Thursday, June 05, 2008
Sometimes, it's not the government's fault
I took a leave yesterday to get my Community Tax Certificate and Professional Tax Receipt from the Quezon City Hall. Today, I hope to file my consolidated income tax return with B. The BIR still has not issued his W2 which is supposed to be attached to the return - I hope we can get his W2 today as our return is already terribly late!
I was dreading the trip to the City Hall as I was imagining that I'd be lining up for hours in a dusty, damp and smelly office. I even bribed B with a free movie so that he would accompany me. I shouldn't have worried! It only took a few minutes to line up for the Community Tax Certificate, and the line was in an airy and clean-enough corridor with no offensive odors.
Getting the Professional Tax Receipt was a different story - I was second in line to a frustrating taxpayer. Yup, the taxpayer was the one who was frustrating. From what I can understand of their conversation, the taxpayer paid some fees and wanted a local government stamp on her documents. The government official was patiently explaining that the stamp should be made on the 3 copies of the original forms, which could not be done since the taxpayer only brought 1 photocopy. The taxpayer kept on insisting that the stamp be made on the photocopy as that was what her boss asked her to do. Never losing her smile, the government official said that the government office to which the taxpayer was required to submit the forms would not accept photocopies and would definitely look for the stamp in the original forms which were colored pink, yellow and blue. After 10 minutes, the government official just stamped the photocopy with a warning that the said stamp was useless on a photocopy. What was worse was that when the taxpayer left, she even mumbled, "Hirap talaga kausapin ng gobyerno!"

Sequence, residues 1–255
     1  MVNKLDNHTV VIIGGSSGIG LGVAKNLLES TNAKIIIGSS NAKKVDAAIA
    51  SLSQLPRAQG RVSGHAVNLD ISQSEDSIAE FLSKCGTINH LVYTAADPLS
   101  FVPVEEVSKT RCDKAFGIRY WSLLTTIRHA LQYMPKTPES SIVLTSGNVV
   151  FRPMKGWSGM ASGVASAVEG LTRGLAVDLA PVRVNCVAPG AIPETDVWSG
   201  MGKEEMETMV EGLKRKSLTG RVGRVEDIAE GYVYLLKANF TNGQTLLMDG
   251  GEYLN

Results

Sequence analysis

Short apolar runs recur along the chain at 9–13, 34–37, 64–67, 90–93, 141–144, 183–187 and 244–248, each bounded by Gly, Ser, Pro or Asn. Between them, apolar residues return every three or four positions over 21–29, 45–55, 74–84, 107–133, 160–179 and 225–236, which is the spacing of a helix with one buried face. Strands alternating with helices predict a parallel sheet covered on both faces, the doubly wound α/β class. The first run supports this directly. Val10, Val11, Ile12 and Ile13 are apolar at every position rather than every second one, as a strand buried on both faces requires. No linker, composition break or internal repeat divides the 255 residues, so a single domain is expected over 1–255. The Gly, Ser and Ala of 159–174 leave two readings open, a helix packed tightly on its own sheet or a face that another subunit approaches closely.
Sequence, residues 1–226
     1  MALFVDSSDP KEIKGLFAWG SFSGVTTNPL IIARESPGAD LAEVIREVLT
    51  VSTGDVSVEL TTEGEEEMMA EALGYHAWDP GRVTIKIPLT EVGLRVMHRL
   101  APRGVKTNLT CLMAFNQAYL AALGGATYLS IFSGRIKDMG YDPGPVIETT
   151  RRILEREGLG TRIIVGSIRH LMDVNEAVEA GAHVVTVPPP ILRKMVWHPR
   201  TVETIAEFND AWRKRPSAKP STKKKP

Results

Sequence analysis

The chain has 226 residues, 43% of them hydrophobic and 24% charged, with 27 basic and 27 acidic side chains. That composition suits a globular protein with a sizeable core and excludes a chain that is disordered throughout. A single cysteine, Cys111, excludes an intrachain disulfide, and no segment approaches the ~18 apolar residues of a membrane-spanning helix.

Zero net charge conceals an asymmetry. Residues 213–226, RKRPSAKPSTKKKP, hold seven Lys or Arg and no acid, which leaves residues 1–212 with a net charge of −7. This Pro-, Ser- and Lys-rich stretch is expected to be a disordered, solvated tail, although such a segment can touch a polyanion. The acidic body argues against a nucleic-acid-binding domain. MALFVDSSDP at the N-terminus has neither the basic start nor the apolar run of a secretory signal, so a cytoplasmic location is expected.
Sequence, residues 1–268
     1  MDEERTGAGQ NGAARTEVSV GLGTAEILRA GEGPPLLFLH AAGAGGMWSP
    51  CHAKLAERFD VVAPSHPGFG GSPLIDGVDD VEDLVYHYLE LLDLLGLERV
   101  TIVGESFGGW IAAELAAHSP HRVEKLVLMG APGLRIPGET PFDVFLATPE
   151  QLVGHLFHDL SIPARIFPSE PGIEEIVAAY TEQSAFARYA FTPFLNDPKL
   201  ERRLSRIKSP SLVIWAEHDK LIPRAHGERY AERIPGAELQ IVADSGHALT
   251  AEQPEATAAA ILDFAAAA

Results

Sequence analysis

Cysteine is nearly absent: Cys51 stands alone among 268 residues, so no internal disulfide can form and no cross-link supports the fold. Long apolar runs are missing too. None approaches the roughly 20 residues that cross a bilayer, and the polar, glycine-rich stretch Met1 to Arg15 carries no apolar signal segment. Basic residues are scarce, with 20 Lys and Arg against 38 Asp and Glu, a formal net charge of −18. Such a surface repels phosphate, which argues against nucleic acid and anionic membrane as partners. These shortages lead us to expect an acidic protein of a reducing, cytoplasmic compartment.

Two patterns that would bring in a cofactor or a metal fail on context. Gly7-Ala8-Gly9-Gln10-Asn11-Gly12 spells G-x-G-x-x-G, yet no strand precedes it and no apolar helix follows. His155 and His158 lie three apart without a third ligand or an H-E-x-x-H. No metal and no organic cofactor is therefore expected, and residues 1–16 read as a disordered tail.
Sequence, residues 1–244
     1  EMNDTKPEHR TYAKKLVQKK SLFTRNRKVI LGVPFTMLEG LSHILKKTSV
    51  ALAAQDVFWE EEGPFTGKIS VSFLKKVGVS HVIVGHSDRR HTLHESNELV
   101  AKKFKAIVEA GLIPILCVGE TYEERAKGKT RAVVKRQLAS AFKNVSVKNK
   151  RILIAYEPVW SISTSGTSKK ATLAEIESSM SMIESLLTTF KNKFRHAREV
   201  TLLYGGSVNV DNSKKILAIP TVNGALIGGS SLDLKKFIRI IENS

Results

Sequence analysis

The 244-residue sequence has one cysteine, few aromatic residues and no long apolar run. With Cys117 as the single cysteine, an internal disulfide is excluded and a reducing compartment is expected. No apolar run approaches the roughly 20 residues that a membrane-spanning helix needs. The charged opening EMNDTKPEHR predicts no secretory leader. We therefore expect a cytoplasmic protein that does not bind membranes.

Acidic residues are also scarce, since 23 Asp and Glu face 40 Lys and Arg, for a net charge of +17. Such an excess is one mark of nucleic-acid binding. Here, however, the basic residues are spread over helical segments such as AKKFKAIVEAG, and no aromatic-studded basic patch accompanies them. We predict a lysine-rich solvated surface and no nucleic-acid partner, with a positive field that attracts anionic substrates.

I was just amazed at: (a) the patience of the government employee - I was ready to strangle the taxpayer on the 5th minute but she didn't even flinch when he heard the taxpaer's remark; and (b) how I was so engrossed with what was happening that I couldn't even remember the physical conditions of the room; and (c) how good I was at eavesdropping!
When I got my Professional Tax Receipt (it only took the government employee 3 minutes to issue it!), I told B about the taxpayer and asked him if he encountered people like her. He said that he's used to taxpayers who get hysterical when they didn't get what they want even if they failed to meet the requirements. Sometimes, they even accused him of not doing his job when it was part of his job to ensure that the proper documents were submitted and that all requirements were met before they issue rulings.
On our way home, the cab driver kept on blaming the government for the rising gas prices. B explained that the Philippines was not the only country which was experiencing an increase in gas prices. The cab driver then started blaming the government for the tuberculosis that several cab drivers were suffering which he believed were caused by the fumes from the converted LPG engines of some taxis.
I guess it really is just easy for people to keep on blaming all their problems to the government, and sometimes, the underpaid government officials are the ones suffering for it. Our government is far from perfect but we also have to make sure that we do what is expected of us. I guess we also have to remember to treat government employees with respect even if some of them really deserve to have all their eyebrows plucked for being so lazy and/or corrupt!
Now that I think about it, I should have told the taxpayer in front of me that this time, the government was not at fault. She'd probably be irritated with me but at least the government official at the Taxes and Fees Division would know that somehow, her efforts were appreciated.